POPE Francis’ recent apostolic exhortation Amoris Laetitia continues to be the subject of considerable controversy, both locally and globally.
There appears to be fear among some that the “infamous”chapter 8 is an attempt, among other things, to weaken the indissolubility of marriage.
It would seem for some that the whole text boils down to two positions – either that mercy is shown to the divorced and remarried and the indissolubility of marriage is destroyed, or that the indissolubility of marriage is retained, but mercy is not shown to the divorced and remarried.
C.S. Lewis addresses this kind of polarisation in Mere Christianity:
“I feel a strong desire to tell you – and I expect you feel a strong desire to tell me – which of these two errors is the worse.
“That is the devil getting at us.
“He always sends errors into the world in pairs – pairs of opposites. And he always encourages us to spend a lot of time thinking which is the worse.
“You see why, of course? He relies on your extra dislike of the one error to draw you gradually into the opposite one.
“But don’t let us be fooled.
“We’ve got to keep our eyes on the goal and go bang through between both errors.
“We have no other concern than that with either of them.”
Is it possible to show mercy while retaining the indissolubility of marriage?
I would propose that this is precisely what Pope Francis is suggesting.
In paragraph 62 the Pope reminds us that the indissolubility of marriage is a “gift” granted to those joined in marriage.
In paragraph 299 he writes, “I am in agreement with the many Synod Fathers who observed that ‘the baptised who are divorced and civilly remarried need to be more fully integrated into Christian communities in the variety of ways possible, while avoiding any occasion of scandal’”.
This difference between doctrine – what the Church teaches – and its pastoral practice, is as orthodox as Jesus Christ.
Jesus condemned divorce and remarriage (Mark 10:1-12) but offered “living water” to the woman who had had five husbands (John 4:1- 42).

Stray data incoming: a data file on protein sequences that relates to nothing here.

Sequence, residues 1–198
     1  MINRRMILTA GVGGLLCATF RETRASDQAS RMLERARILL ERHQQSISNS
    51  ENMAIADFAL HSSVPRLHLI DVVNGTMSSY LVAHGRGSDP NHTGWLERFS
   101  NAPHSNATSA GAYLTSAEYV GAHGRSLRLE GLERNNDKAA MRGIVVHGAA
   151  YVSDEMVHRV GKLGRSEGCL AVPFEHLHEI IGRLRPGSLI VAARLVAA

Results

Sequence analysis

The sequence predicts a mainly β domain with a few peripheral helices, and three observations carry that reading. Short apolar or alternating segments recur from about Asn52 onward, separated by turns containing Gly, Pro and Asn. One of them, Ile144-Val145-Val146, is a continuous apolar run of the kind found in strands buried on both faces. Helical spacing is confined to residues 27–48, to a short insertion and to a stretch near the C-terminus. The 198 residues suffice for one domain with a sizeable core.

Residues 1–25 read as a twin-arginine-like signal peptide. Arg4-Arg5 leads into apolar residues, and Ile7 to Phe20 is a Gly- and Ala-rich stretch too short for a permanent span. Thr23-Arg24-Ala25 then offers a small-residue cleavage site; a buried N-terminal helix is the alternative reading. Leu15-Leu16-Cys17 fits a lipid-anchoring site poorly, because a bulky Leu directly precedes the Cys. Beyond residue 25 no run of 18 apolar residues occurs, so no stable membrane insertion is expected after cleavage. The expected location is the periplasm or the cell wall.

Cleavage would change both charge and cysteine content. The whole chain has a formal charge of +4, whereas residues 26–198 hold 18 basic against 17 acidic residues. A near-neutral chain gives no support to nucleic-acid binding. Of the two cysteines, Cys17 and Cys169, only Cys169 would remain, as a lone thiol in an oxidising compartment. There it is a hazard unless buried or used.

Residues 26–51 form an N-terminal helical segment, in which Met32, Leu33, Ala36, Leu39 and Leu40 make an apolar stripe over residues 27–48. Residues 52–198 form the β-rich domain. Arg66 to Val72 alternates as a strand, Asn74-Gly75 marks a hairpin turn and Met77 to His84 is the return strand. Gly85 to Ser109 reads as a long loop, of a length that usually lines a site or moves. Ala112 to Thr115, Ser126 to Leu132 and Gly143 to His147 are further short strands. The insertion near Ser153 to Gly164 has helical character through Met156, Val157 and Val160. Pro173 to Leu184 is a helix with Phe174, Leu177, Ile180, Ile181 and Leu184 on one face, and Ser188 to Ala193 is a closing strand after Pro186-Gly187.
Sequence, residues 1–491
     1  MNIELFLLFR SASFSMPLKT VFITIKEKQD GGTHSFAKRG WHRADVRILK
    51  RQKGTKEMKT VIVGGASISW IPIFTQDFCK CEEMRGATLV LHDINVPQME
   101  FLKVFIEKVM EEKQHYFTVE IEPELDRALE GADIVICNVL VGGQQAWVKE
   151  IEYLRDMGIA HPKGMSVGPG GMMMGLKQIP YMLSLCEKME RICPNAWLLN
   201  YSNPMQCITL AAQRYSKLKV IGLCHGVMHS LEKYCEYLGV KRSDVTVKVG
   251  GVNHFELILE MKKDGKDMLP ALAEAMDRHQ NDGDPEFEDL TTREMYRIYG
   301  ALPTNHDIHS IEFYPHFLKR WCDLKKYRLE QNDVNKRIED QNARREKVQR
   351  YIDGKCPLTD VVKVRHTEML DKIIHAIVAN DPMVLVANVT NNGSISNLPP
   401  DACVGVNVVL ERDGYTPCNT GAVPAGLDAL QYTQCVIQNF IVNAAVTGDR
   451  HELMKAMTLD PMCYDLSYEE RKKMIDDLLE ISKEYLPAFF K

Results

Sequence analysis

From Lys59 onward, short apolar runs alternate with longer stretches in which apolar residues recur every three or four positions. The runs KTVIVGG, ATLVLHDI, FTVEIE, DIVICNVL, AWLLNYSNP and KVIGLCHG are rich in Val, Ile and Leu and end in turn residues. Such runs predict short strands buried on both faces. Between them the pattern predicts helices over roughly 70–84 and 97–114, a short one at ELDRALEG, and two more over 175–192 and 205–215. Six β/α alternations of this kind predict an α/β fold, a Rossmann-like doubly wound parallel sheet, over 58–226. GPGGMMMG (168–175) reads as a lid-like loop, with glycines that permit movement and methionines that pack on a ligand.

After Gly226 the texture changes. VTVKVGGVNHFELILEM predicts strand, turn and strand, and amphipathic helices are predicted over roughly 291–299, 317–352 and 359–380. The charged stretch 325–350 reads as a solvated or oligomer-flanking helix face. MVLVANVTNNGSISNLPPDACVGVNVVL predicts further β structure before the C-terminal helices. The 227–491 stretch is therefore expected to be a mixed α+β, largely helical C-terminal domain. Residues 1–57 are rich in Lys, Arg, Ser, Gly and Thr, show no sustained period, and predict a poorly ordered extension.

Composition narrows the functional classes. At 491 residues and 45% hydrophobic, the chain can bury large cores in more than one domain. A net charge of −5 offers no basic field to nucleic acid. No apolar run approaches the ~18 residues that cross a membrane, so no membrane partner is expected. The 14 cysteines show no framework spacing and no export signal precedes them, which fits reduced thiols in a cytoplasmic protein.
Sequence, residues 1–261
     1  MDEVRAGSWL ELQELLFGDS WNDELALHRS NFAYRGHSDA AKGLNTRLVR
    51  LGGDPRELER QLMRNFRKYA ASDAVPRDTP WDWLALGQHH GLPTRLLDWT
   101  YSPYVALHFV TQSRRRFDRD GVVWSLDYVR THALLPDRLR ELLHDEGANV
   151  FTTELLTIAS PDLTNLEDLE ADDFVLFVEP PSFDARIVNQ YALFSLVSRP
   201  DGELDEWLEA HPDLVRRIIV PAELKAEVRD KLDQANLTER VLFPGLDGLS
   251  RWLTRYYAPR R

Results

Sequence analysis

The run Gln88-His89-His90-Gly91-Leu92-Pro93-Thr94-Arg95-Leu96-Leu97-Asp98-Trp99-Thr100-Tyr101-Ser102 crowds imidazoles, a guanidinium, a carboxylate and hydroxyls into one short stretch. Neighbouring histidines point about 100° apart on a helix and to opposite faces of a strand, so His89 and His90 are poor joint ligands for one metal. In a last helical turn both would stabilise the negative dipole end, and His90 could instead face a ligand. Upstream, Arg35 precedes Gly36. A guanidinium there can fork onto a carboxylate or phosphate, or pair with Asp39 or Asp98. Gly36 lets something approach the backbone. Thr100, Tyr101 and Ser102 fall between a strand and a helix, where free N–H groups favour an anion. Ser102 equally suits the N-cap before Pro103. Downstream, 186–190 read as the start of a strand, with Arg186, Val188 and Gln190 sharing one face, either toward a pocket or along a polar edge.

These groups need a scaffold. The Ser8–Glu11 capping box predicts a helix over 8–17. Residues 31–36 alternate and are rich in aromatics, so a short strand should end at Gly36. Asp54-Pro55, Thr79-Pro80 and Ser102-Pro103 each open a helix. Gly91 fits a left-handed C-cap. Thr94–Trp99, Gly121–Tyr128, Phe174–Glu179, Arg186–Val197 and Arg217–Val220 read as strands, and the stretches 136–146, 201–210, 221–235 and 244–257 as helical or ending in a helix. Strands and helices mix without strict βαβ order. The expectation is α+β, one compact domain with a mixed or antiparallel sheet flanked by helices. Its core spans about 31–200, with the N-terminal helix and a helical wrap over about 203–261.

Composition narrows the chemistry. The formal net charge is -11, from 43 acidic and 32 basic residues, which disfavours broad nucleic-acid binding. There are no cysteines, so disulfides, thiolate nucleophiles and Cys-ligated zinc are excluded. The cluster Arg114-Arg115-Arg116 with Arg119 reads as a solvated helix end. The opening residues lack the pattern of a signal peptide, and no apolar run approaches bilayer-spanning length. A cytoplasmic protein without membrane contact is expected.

In the Sermon on the Mount Jesus condemns adultery (Matthew 5:27- 30) but later protects the adulterous woman from being stoned – the lawful punishment for adultery at the time (John 8:1- 11).
Jesus condemns lying (Matthew 5:37) but then invites himself to dinner with Zacchaeus who was known for his dishonesty (Luke 19:1-10).
Jesus’ engagement with pastoral situations was not simply to restate his teachings.
In all three examples he gives mercy, grace and the gift of himself to these “sinners”.
All of this is to say that while the Church has clear doctrines – many of which come straight from the mouth of Christ, the challenge – and the current discussion – has to do with how these age-old truths can be applied in vastly differing situations.
In the same way that Christ engaged in pastoral situations in varied ways, so the Church – Christ’s body – must do the same.
This is not a simple problem that can be easily addressed by reciting Church teaching, rather it requires a genuine listening to the many varied situations that people find themselves in today.
An openness to rigorous discussion about pastoral practice should not be interpreted as a threat to the Church’s teaching; it is rather an attempt to find new ways of engaging humanity with the truth, beauty and goodness of the gospel of Christ in a world that continues to change.
The world needs the truth, but it can only hear it through love; the world needs Jesus, but can only receive him through mercy.